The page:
Thirdeyemom

A taste of Machuca in Punta Gorda

Author’s note: This post is part of my series on my recent trip to Honduras. To read past posts on Honduras, click here.

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Image credit: www.orangesmile.com

On my last day in Roatan, one of the Bay Islands off the coast of Honduras, I took a half day private island tour. I decided to take the tour as opposed to lounging around on the beach because I truly wanted to learn more about the unique Garifuna culture and heritage that makes this island so fascinating.  As much as my body and soul wanted to enjoy the beautiful surroundings of the resort at Barefoot Cay, a stronger inherent urge within my mind was begging me to do something more cultural than laying in the sun. Thus, despite my longing to do absolutely nothing for a day, my active mind got the best of me and I booked a five hour private tour with one of the island’s best locals, Ray Anthony.


Roatan, along with the other two Bay Islands off the coast of Honduras, has a rather unique history compared with the mainland. While the mainland of Honduras was conquered by the Spanish, the Bay Islands were conquered by mostly British marines who cruelly dumped over 2,000 Black Caribs from St. Vincent on the island in 1797. This group of former slaves eventually formed their own unique culture around Punta Gorda and became known as Garifuna.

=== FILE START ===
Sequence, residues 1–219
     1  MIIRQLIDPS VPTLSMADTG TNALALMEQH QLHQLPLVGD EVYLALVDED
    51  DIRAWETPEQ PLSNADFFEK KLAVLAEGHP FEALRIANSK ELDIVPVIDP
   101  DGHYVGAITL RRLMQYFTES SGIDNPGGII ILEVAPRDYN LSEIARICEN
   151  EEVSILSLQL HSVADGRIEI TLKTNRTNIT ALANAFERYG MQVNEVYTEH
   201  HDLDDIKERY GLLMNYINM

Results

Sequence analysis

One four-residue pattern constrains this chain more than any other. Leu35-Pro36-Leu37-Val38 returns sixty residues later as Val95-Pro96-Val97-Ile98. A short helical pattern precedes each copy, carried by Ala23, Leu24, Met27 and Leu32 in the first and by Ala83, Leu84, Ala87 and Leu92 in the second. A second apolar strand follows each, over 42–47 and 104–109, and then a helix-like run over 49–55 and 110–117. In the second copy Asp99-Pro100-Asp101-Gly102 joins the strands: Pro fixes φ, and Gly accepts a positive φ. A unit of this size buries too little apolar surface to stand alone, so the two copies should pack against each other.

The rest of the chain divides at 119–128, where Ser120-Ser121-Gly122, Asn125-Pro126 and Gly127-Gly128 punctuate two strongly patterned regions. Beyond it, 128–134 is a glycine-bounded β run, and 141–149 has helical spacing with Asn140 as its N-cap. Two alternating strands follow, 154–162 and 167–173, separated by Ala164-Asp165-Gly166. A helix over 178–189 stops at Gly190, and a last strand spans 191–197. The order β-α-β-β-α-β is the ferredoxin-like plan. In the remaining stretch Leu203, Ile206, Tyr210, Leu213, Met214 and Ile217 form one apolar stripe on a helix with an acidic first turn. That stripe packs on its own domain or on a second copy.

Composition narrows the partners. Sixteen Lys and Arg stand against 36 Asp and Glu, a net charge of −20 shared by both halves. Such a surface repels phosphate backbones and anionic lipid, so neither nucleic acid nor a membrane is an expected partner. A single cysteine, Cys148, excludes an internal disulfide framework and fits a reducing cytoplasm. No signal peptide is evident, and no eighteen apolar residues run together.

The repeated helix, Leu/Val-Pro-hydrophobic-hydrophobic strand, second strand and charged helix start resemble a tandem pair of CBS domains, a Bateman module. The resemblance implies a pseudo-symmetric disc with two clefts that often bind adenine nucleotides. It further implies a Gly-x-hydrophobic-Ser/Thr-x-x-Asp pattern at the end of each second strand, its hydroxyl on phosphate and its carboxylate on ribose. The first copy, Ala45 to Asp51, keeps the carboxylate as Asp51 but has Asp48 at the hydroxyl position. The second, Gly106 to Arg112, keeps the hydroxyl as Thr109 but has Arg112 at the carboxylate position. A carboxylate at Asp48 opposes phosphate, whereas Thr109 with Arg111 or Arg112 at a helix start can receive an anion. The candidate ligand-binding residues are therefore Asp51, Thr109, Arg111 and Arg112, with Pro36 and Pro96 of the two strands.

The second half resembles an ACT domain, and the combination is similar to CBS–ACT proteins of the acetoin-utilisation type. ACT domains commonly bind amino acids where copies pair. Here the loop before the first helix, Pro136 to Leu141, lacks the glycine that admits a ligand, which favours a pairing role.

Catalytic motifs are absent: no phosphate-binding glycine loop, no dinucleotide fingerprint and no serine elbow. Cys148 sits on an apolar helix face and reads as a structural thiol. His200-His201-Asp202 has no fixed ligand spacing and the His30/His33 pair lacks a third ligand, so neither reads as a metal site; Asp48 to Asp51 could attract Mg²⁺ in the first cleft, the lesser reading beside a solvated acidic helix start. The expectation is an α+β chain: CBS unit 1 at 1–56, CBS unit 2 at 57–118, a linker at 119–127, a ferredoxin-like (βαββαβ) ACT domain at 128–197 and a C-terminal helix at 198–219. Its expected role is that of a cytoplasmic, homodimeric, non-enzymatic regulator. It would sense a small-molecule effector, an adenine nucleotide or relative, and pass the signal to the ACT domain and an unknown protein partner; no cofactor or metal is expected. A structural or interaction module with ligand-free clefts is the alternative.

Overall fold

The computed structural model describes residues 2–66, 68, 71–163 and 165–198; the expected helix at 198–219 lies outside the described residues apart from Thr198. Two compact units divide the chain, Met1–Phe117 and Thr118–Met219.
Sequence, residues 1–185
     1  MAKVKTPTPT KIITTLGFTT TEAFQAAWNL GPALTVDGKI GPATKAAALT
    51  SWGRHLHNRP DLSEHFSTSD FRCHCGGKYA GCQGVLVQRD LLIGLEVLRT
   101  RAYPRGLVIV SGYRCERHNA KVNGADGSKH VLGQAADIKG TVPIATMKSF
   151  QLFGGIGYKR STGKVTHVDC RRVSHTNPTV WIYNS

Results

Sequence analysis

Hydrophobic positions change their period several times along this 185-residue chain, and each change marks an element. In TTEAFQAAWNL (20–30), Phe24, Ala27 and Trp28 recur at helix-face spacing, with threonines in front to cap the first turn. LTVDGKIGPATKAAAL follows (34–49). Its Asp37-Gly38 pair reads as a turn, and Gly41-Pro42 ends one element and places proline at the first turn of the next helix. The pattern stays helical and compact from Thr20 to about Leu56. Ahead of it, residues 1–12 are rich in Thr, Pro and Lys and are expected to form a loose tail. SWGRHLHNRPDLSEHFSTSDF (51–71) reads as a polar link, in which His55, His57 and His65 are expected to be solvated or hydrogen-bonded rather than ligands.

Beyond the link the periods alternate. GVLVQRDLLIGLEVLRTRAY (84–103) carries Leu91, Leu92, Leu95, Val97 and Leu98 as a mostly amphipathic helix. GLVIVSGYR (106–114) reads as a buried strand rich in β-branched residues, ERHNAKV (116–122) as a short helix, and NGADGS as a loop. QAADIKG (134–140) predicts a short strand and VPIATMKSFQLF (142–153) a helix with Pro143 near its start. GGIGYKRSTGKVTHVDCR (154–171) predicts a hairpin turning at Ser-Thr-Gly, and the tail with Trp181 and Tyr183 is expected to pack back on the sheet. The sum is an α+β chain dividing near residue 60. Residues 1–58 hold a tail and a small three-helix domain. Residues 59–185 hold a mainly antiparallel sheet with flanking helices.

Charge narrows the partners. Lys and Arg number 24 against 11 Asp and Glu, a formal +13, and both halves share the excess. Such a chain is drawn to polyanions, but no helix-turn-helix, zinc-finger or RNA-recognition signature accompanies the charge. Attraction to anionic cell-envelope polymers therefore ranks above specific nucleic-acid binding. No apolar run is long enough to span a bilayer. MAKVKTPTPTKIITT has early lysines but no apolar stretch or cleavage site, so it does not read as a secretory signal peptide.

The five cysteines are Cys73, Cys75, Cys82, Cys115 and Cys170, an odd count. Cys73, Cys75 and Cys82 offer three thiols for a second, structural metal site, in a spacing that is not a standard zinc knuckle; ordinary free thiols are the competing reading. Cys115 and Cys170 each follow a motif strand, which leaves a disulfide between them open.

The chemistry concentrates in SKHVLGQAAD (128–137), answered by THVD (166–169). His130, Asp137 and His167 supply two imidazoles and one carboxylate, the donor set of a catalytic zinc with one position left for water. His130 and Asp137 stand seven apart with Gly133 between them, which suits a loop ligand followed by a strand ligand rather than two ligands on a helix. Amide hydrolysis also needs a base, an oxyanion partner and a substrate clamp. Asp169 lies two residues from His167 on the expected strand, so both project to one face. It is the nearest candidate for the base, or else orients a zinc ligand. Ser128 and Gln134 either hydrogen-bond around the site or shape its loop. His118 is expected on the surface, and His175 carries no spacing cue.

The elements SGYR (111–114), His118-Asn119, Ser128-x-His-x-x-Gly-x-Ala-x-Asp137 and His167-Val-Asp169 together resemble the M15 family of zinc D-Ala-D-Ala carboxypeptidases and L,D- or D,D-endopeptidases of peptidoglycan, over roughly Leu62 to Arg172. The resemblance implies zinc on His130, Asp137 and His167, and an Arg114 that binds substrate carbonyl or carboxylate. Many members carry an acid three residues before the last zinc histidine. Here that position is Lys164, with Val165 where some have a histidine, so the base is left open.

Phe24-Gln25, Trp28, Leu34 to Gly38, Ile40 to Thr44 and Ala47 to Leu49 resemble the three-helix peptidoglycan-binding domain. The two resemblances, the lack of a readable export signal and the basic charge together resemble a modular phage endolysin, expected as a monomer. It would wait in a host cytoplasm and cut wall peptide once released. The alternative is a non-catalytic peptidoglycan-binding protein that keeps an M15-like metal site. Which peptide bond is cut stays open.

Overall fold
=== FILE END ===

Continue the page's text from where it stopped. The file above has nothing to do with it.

Today, you can find a distinct difference between the Spanish-speaking mainland Honduras in ethnicity, culture and language, and the Bay Islands whose primary language is English. In fact, the island of Roatan has four distinctive cultures: Islanders (who have a mixed heritage of African, Carib and European), “ladinos” (who are people of mixed Indian and European heritage), Foreign whites (mostly from the US and Europe) and of course, the Garifunas. This diversity of culture on such a small island make it quite a fascinating place.

Ray Anthony, my personal guide for the morning, picked me up promptly at nine o’clock and headed east towards Punta Gorda, the crème de la crème of Garifuna culture.  Punta Gorda, or “Fat Point” is the oldest permanent settlement in Roatan and was founded on April 12, 1797 shortly after the British decided to “release” the couple thousand of captured slaves of the Caribbean island of San Vicente.

As we headed to Punta Gorda, the wind picked up, clouds rolled in and it started to rain. I remembered that we were still in the wet season of Honduras and tropical rains like this one could come and go in a flash.  Unfortunately the rain persisted the entire time we were in Punta Gorda but that didn’t stop us from exploring the village. 

Although it was only ten o’clock and I was no where near hungry, Ray Anthony insisted that we stop at a local restaurant to try a Garifuna must: “Machuca. Machuca is a Garifuna specialty and tourists come specifically to Punta Gorda just to try it. Machuca is a fish soup made with coconut milk and includes all the locally caught fish such as lobster, conch, and snapper, along with bananas and of course plantains. The bananas and plantains are mixed together to form a heavy dough which is served inside the soup. According to Ray Anthony, ten years ago Machuca was considered a “poor man’s meal” but today it is an island specialty.